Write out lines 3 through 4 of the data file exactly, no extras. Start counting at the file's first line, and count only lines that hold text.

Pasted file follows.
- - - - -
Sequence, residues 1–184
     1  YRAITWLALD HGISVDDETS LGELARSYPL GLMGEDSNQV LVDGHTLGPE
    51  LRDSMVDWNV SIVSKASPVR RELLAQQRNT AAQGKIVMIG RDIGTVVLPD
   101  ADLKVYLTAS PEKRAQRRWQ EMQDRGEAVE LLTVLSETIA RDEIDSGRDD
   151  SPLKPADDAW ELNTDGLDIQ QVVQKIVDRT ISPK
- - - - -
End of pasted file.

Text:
    51  LRDSMVDWNV SIVSKASPVR RELLAQQRNT AAQGKIVMIG RDIGTVVLPD
   101  ADLKVYLTAS PEKRAQRRWQ EMQDRGEAVE LLTVLSETIA RDEIDSGRDD